Containing as much fun and heart as Disney can deliver, this one gets the edge over Incredibles 2 by actually improving upon the first film (and not having a predictable twist villain).
03. Ready Player One
This film is enjoyable indulgence, and while it does deviate from the book in many ways, that generally serves to make the story work better in this particular medium.
02. Spider-Man: Into The Spider-Verse
By far the best Spider-Man film since Spider-Man 2, with a wonderful visual style, and a host of characters with emotional journeys that it’s easy to get invested in.
01. First Man
What could have been a generic, straightforward Neil Armstrong biopic instead has a great deal of effort put into it, and a style all of its own. It’s an intense experience that places you right in the pilot’s seat, and it left me feeling that if I were a filmmaker, I’d like to make something along those lines.
Favourite Films Watched Outside The Cinema (That I Hadn’t Seen Before)
10. The Cabinet of Dr Caligari (1920)
09. Capricorn One (1978)
08. The Disaster Artist (2017)
07. The Invisible Man (1933)
06. The Lodger (1927)
05. The Lady Vanishes (1938)
04. Gorillas in the Mist (1988)
03. The Prestige (2006)
02. The Blues Brothers (1980)
01. Smokey and the Bandit (1977)
Favourite Television Programmes
While I’m still not a big television watcher, there were some things I especially enjoyed.
- As well as Season 11 of Doctor Who (which I’ll talk about in more detail after New Year’s Day), there was Season 5 of Agents of SHIELD – while I thought Season 4 got off to a slow start then became really good, this one was great all the way through. It was a tense and often traumatic season, with the characters first going forward in time to a future where Earth has been destroyed, then returning to the present and trying to prevent that future from happening, without knowing exactly how it happened in the first place.
- BBC gave us another great wildlife documentary narrated by David Attenborough, Dynasties, presenting the struggles of various animals – chimpanzee, emperor penguin, lion, painted wolf and tiger – on a personal level as they try to preserve their bloodline, whether by clinging to their territory and status or just ensuring the next generation reaches adulthood. My mum and I have also been watching a lot of Snakes in the City, a National Geographic documentary covering the work of Simon Keys and Siouxsie Gillett, snake-catchers in Durban, South Africa.
- American Crime Story: The Assassination of Gianni Versace wasn’t praised by everybody, but I liked it a lot. It isn’t so much Gianni Versace’s story as that of his killer, Andrew Cunanan (played superbly by Darren Criss), portrayed as a charismatic but fascinatingly disagreeable human being who lies compulsively and believes he is entitled to the best of everything. After opening with Versace’s murder, the series runs chronologically backwards until the final episode, covering Cunanan’s life bit by bit, which I felt served to make it more interesting as a more complete picture of him is built up.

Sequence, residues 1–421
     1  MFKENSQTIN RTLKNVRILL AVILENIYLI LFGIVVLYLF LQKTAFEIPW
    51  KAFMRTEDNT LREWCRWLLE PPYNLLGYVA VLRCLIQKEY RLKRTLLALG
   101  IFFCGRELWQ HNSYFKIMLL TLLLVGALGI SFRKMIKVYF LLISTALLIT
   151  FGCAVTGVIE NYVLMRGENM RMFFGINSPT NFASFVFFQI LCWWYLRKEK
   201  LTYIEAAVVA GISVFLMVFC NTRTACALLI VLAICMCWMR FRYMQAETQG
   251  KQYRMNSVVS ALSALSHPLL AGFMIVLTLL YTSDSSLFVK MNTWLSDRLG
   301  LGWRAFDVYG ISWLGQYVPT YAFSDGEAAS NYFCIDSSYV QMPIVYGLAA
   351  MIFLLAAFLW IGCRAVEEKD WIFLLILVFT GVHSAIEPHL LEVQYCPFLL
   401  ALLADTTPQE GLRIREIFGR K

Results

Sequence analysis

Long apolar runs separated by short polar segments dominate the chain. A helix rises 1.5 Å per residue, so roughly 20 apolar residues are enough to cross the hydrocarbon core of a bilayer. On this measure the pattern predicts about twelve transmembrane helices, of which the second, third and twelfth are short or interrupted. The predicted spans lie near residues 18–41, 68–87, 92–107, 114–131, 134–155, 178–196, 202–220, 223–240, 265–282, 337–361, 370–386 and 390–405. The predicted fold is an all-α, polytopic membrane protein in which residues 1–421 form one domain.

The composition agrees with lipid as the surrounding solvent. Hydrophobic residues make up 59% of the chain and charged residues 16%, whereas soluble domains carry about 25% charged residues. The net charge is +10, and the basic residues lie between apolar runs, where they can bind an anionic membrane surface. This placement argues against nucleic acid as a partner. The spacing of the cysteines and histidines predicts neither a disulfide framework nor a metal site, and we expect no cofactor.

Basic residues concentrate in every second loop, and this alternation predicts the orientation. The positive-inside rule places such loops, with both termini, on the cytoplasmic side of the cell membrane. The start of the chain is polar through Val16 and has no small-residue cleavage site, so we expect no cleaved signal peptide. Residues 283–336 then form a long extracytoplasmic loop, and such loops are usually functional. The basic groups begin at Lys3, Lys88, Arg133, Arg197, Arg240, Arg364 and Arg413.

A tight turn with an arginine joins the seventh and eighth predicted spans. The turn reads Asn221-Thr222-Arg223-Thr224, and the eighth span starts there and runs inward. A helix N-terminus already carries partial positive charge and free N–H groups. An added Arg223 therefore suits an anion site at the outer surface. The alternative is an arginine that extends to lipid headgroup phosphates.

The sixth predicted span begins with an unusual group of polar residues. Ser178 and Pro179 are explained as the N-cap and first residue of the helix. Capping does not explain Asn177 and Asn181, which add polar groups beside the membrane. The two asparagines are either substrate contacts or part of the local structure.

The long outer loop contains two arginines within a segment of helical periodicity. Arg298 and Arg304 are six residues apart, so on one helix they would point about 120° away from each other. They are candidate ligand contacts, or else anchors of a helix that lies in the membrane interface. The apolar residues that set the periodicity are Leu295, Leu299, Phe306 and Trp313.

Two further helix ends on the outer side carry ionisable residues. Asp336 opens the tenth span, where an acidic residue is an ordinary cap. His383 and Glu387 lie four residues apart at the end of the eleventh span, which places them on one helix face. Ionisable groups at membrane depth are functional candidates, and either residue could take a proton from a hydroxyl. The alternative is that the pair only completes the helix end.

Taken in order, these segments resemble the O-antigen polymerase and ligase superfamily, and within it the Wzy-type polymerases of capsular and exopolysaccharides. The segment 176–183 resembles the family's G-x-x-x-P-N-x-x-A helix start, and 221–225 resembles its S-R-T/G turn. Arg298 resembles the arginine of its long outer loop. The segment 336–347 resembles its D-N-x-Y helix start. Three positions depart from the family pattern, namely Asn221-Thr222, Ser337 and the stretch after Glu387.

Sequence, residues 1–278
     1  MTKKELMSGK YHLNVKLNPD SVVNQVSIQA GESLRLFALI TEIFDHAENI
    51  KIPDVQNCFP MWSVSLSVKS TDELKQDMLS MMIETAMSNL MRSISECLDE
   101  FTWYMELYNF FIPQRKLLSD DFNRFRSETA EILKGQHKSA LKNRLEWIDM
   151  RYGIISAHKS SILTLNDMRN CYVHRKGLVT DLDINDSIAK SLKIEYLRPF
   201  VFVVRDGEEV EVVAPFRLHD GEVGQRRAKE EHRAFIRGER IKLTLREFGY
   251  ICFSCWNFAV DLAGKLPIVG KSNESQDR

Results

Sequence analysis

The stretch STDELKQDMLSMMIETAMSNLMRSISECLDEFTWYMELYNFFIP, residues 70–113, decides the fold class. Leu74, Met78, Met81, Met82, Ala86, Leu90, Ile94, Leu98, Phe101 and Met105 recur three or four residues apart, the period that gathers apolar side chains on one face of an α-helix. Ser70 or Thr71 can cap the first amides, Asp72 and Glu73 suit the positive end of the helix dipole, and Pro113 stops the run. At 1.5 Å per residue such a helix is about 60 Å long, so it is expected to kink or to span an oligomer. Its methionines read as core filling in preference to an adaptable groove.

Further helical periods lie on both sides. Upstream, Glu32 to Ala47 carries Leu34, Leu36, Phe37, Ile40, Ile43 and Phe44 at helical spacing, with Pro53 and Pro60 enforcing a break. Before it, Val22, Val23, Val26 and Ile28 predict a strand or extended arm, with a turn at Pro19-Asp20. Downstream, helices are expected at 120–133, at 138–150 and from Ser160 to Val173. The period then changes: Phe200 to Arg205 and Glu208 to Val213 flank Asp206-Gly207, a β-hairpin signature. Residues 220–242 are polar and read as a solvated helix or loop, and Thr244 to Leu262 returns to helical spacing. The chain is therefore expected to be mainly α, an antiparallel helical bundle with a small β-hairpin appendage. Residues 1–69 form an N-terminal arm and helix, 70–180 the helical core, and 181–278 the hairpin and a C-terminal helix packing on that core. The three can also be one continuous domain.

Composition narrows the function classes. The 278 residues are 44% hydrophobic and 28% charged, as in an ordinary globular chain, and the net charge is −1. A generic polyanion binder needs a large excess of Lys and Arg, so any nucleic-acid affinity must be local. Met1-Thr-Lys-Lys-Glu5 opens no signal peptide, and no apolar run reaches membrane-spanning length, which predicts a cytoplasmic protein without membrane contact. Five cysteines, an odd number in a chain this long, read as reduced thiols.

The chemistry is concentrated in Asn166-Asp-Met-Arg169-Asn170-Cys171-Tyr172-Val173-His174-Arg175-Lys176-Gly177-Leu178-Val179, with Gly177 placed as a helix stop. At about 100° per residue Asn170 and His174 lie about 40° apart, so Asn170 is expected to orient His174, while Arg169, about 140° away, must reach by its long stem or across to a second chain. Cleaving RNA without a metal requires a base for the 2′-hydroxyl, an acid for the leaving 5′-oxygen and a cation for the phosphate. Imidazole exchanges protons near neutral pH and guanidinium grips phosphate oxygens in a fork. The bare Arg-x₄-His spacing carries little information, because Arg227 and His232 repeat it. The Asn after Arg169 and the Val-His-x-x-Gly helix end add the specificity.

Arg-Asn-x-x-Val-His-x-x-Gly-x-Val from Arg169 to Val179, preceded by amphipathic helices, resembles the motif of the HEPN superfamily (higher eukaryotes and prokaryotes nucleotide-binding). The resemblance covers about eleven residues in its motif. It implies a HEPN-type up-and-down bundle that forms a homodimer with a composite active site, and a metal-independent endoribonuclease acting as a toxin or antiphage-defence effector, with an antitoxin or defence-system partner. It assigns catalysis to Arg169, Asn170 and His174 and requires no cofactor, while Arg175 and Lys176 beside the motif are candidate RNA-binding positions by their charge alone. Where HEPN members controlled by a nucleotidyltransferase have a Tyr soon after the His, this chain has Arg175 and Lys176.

- Killing Eve is a drama series about a Russian assassin named Villanelle (Jodie Comer), and Eve Polastri (Sandra Oh), the MI5 officer tasked with tracking her down. While it’s certainly thrilling and darkly humorous, the complex relationship between the two main characters is what really makes this show, as Eve becomes increasingly obsessed with trying to understand and capture Villanelle, who in turn wants to make friends with Eve in her own twisted way. I’m eagerly awaiting the second series.
Finally, I thought I should mention some of my favourite podcasts that I’ve been listening to regularly; I somehow neglected to do this last year even though that was when I got properly into listening to podcasts.
- Herpetological Highlights covers recent scientific studies of reptiles and amphibians in a fun and casual way, with each fortnightly episode focussing on a particular topic.
- The Secret History of Hollywood covers stories about the olden days of Hollywood, from Universal Studios’s horror movies, to the career of Alfred Hitchcock, to the history of Warner Bros. Full of interesting anecdotes, it’s wonderfully produced and narrated by Adam Roche. Most of the series are currently available as audio shows on Audible.
- The Trail Went Cold is a true crime podcast, where the producer Robin Warder first presents details of unsolved crimes and disappearances, then presents his own theories and logical deductions as to what may have happened.
- Casefile is another well-produced true crime podcast, going into detail on crimes both solved and unsolved.
- I’ve recently started getting into 1800 Seconds on Autism, where autistic hosts Jamie Knight and Robyn Steward discuss different aspects of this subject.
Are there any books, films, TV series, podcasts or news items you’ve particularly enjoyed this year? Let me know in the comments!